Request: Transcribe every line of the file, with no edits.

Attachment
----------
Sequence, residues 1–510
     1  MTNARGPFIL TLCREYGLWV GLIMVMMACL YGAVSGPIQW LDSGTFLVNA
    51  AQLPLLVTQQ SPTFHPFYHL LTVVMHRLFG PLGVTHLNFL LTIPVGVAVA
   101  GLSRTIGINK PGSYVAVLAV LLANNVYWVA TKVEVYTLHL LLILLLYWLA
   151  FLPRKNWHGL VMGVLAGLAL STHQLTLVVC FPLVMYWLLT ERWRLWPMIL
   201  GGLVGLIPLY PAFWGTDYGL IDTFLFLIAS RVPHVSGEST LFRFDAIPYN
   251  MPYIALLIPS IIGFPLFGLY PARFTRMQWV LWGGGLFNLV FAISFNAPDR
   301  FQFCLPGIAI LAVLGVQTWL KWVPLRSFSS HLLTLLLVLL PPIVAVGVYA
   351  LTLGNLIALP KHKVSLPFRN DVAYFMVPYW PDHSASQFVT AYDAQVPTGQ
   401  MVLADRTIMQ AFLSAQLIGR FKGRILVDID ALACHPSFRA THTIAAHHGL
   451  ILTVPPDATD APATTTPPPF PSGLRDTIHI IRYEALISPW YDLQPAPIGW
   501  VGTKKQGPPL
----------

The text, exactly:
Sequence, residues 1–510
     1  MTNARGPFIL TLCREYGLWV GLIMVMMACL YGAVSGPIQW LDSGTFLVNA
    51  AQLPLLVTQQ SPTFHPFYHL LTVVMHRLFG PLGVTHLNFL LTIPVGVAVA
   101  GLSRTIGINK PGSYVAVLAV LLANNVYWVA TKVEVYTLHL LLILLLYWLA
   151  FLPRKNWHGL VMGVLAGLAL STHQLTLVVC FPLVMYWLLT ERWRLWPMIL
   201  GGLVGLIPLY PAFWGTDYGL IDTFLFLIAS RVPHVSGEST LFRFDAIPYN
   251  MPYIALLIPS IIGFPLFGLY PARFTRMQWV LWGGGLFNLV FAISFNAPDR
   301  FQFCLPGIAI LAVLGVQTWL KWVPLRSFSS HLLTLLLVLL PPIVAVGVYA
   351  LTLGNLIALP KHKVSLPFRN DVAYFMVPYW PDHSASQFVT AYDAQVPTGQ
   401  MVLADRTIMQ AFLSAQLIGR FKGRILVDID ALACHPSFRA THTIAAHHGL
   451  ILTVPPDATD APATTTPPPF PSGLRDTIHI IRYEALISPW YDLQPAPIGW
   501  VGTKKQGPPL